For the past few years, I've been running this blog on the open source Ghost CMS and it's been great. Ghost is great for a site like this where the focus is on the content because the focus of Ghost is on creating content (posts), whereas blogging has become a smaller part of the WordPress ecosystem as WordPress has slowly "evolved" from being a CMS to becoming more of an "application" platform.
So a few weeks ago when I logged into the admin panel I noticed I was missing a critical update in my Ghost install and it was recommended that I upgrade ASAP. Now I'd been lazy about updates on the site and was still running the 3.x version of Ghost which went EOL in 2022, so I had to do the major upgrade from Ghost 3.x to Ghost 5.x with a stop at 4.x in the middle. Sounded simple, and ghost makes updates usually a pretty painless thing.
When the upgrade finished and I tried to restart ghost however I received this error:
/lib64/libstdc++.so.6: version `CXXABI_1.3.8' not found (required by /node_modules/sqlite3/lib/binding/napi-v6-linux-glibc-x64/node_sqlite3.node)
Great. The newer version of the nodejs sqllite module needed a newer version of the standard C Application Binary Interface (ABI) than what was on my machine. This machine was running CentOS 7, which shipped with gcc-4.8.5, and to get the correct ABI modules I'd need to build and upgrade to a newer version of gcc, like 8.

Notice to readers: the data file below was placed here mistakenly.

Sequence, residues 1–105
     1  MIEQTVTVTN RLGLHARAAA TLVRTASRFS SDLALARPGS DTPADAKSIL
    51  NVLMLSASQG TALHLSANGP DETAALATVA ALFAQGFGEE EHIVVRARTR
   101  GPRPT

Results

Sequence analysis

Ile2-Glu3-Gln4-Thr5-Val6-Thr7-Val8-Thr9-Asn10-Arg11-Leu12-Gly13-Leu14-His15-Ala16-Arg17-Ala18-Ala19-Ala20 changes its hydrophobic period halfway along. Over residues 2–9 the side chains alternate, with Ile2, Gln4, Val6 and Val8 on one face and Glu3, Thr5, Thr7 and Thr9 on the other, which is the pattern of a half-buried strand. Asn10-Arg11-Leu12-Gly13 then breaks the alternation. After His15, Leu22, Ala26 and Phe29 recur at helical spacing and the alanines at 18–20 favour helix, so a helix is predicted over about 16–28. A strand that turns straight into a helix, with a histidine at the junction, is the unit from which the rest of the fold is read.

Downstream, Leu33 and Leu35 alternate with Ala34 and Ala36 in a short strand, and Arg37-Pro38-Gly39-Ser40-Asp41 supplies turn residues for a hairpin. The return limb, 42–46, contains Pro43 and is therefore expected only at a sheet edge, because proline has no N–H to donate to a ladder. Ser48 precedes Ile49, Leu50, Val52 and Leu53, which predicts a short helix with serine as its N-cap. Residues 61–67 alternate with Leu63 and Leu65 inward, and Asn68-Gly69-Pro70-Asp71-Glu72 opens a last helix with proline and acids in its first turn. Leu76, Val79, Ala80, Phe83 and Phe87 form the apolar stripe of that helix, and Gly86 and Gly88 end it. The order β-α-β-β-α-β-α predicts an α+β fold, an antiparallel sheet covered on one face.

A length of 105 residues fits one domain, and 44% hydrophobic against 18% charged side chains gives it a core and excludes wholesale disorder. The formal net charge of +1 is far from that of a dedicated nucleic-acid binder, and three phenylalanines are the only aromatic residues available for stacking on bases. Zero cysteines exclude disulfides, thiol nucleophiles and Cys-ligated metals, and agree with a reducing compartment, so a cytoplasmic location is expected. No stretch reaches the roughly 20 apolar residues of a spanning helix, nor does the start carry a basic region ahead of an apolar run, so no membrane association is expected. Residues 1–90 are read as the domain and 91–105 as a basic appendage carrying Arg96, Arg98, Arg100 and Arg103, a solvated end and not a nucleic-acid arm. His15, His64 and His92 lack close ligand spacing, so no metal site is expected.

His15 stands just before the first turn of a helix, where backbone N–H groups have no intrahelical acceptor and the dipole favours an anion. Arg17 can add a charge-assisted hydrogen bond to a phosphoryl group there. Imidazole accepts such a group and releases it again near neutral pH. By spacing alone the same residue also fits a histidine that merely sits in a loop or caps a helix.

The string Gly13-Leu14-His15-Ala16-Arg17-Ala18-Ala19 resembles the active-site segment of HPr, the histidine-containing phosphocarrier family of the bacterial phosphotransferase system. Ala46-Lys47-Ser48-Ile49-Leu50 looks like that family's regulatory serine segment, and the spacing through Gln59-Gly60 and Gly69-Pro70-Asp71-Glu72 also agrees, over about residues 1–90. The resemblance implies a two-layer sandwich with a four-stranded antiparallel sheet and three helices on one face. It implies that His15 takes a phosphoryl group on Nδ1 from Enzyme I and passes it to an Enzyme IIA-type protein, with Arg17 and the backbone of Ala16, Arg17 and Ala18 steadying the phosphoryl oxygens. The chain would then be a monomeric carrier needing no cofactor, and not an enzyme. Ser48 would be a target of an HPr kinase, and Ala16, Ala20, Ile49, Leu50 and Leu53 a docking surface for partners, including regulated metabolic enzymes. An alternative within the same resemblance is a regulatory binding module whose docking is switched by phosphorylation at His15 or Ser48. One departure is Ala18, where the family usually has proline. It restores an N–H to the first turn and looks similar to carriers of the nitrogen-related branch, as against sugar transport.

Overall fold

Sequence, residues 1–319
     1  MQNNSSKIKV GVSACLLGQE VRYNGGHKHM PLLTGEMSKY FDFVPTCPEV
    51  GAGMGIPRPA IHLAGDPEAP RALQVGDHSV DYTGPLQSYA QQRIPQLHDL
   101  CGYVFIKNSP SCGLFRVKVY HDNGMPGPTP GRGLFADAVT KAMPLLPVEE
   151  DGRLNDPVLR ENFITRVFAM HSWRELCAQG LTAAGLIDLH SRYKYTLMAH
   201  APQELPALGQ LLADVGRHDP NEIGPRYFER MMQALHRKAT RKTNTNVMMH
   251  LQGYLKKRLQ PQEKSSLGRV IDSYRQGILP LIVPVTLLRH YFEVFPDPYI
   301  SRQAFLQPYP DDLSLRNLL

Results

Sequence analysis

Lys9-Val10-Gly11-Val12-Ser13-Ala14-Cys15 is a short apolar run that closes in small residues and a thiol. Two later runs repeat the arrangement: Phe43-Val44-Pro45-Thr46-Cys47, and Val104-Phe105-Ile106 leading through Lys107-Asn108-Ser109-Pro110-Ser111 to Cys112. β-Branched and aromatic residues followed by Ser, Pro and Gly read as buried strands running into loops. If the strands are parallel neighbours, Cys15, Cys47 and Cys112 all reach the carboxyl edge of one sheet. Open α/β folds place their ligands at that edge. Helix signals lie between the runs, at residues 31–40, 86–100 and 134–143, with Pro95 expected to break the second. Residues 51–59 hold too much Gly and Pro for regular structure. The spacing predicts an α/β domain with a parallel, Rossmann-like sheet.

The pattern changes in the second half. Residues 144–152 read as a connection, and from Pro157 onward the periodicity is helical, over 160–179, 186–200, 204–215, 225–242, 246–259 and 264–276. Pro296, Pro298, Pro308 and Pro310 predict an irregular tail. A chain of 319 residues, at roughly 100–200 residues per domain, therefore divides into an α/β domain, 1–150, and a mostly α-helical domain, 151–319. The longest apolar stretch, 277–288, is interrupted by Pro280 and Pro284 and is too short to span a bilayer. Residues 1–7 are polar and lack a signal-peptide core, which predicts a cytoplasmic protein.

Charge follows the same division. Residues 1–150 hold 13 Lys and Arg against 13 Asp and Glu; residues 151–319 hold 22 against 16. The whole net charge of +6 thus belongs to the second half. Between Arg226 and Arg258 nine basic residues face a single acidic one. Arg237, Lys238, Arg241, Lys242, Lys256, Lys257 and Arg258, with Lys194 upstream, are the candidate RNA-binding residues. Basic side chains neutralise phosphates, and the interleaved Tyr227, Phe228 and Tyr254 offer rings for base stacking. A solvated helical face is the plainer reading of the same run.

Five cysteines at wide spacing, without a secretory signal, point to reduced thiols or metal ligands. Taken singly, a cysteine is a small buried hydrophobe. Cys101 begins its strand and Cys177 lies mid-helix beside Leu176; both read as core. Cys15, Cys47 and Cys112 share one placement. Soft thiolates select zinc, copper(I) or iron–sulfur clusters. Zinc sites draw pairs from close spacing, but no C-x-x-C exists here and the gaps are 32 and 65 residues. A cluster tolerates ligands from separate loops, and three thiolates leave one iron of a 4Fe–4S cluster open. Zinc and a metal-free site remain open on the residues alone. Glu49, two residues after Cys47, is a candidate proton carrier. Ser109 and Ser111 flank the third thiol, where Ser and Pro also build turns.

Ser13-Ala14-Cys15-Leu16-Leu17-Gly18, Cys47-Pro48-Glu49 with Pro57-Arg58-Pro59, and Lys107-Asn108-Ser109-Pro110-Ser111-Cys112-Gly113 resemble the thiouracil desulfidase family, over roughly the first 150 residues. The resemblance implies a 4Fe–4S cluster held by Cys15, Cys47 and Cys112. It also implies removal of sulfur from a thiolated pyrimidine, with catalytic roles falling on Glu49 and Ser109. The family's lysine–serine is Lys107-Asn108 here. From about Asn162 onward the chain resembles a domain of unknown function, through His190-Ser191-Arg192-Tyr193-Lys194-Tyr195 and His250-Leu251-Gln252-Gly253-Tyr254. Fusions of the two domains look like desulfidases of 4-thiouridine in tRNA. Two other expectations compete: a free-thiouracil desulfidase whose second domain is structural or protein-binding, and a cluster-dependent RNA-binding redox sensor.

On CentOS (or any Linux system for that matter) you really can't replace the standard libc module with a newer version without breaking almost everything, so you need to build it in a different directory (like /opt) and then tell your newer application where to find the updated libraries. After downloading gcc-8.5.0, the process to build it was pretty simple:
tar -xvf gcc-8.5.0.tar.gz
../gcc-8.5.0/configure --enable-languages=c,c++ --disable-multilib --prefix=/opt/gcc-8.5.0
Once the new version was installed, all I needed to do was tell my system where the new libraries were with an environment variable and everything should "just work", and it did.
So with the updated GCC on my machine, and the new LD_LIBRARY_PATH set I marked the upgrade to Ghost 5 as completed and walked away. A few weeks later, however, someone asked me why my blog was down. Embarrassed, I logged in and lo and behold they were right - the ghost process had failed to restart and was down.
At this point I figured it was just easier to migrate the whole thing to a supported OS rather than continue to attempt to make it work on CentOS 7 so I spun up a new Ubuntu 20.04 LTS VPS at Vultr and migrated the site and its data over. A few quick changes to my DNS to point to the new server and everything is now up and running correctly on the new host. Which reminds me I need to write a post on how I mange my DNS with git, but that's for another day.
So what is the lesson here? Well, first off don't let your software get too far out of date - leaving my blogging platform for over a year without an update just wasn't a smart idea. And secondly, I needed to find some low cost way to monitor my site - not knowing it was down for weeks on end is not a good look for someone in the IT industry. So I've added nodeping to my list of personal tools now for monitoring my own infrastructure - a few of my clients use it and I've found it to be a great low cost way to add external monitoring.
So hopefully this puts an end to the issues with my site and things will be stable now, until the next upgrade.......